Blast Hole Charging Automation
The aim of this project was to automate the charging process in underground mining. This process involves placing primer and detonators into holes drilled into the roof and walls of development drives, and filling the holes with liquid explosives. The vehicle to be automated (referred to as the Mobile Charging Unit) carries an emulsion pumping system, a primer/detonator assembly system and a hydraulic arm. CSIRO’s role in the project was to develop a hydraulic arm that is able to insert the emulsion hose into the pre-drilled holes.
Underground mining involves four basic stages; drilling blast holes, pumping explosives into these holes (charging), blasting, and removing the broken rock (mucking). Blast hole charging involves the placement of a primer-detonator assembly at the end of a flexible hose and inserting the hose into a blast hole. By pumping liquid explosives (emulsion) into the hole, the primer-detonator assembly is pushed to the back of the blast hole (30 to 60m) leaving the trailing detonator wire. Once a ring of blast holes is filled, the detonator wires are joined and the rock blasted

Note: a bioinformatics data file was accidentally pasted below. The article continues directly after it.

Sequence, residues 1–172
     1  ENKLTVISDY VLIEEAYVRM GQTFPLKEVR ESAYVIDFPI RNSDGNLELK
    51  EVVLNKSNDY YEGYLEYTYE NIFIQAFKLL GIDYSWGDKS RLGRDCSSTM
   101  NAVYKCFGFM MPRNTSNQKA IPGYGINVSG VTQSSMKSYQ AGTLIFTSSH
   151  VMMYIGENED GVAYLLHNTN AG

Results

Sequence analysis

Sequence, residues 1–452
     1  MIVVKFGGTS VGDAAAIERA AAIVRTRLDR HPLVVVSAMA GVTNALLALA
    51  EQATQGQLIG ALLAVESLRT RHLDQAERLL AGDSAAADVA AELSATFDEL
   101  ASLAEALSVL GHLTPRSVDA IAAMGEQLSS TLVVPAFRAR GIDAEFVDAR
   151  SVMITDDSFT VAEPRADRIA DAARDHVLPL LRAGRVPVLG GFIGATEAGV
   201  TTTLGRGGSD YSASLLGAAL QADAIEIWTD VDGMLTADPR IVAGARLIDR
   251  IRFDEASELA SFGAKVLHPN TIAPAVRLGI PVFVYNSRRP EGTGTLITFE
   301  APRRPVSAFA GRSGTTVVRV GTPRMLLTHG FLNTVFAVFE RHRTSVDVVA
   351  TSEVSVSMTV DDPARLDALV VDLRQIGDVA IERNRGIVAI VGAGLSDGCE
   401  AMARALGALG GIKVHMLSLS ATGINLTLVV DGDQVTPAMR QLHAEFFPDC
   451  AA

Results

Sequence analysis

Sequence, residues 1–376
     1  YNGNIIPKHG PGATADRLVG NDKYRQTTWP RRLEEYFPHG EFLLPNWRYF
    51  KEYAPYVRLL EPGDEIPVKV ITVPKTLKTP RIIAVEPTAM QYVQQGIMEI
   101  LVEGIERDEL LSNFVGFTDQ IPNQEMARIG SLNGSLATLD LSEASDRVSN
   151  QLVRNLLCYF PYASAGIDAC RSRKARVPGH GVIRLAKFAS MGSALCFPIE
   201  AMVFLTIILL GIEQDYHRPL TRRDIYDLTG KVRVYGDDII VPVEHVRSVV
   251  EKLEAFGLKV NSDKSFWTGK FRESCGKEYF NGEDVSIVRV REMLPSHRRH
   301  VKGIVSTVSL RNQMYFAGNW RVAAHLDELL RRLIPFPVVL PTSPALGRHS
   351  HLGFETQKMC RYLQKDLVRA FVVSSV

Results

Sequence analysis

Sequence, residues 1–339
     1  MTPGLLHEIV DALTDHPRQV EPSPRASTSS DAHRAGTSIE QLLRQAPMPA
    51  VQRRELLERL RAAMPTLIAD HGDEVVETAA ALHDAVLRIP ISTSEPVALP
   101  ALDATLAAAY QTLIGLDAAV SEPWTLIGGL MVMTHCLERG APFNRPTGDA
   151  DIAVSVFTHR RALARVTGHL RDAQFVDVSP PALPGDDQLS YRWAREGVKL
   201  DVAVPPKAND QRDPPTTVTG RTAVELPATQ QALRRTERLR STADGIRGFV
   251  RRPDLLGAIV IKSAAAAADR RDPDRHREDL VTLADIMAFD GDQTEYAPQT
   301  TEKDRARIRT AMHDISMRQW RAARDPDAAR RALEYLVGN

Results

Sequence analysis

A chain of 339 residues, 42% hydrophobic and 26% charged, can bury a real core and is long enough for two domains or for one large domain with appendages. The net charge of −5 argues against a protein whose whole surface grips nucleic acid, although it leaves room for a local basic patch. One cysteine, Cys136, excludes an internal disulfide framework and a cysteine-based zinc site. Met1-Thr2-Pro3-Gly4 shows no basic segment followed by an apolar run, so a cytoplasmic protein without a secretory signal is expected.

In the past, blast holes were filled manually. More recently they have been filled with the assistance of a vehicle fitted with a hydraulic arm (called a Mobile Charging Unit). In 1998 CSIRO conducted field work at Cannington Mine in northwest Queensland to establish the feasibility of automating the blast hole charging process, and we later constructed a research prototype at our QCAT facility. To do this, we fitted the hydraulic arm of a shot-creting vehicle (a machine used to spray concrete onto walls) with computer controlled servos and encoders. A scanning laser mounted on the end of the arm was pushed back and forth though the tunnel to generate a 3D profile from which it was possible to identify most of the blast holes. By comparing the location of these blast holes to the mine drill plan, it was then possible to determine the absolute location of the vehicle.
Since neither the scanning laser nor the position of the arm is sufficiently accurate to insert the hose into each hole, it was necessary to complete the task of loading the holes using visual servoing. The advantage of visual servoing is that it does not need to know the absolute location of either the hose or the hole. The only requirements are that the arm is free to move in any direction and that both the hose and hole are visible at all times. The first requirement involves solving some complex control laws, while the second can be fulfilled via the appropriate placement of cameras and lights at the end of the arm and using the laser data to place the hose approximately 1m out from each hole. This system was successfully demonstrated at the end of 2001.
- IEEE Transactions on Automation Science and Engineering – Robotic explosive charging in mining and construction applications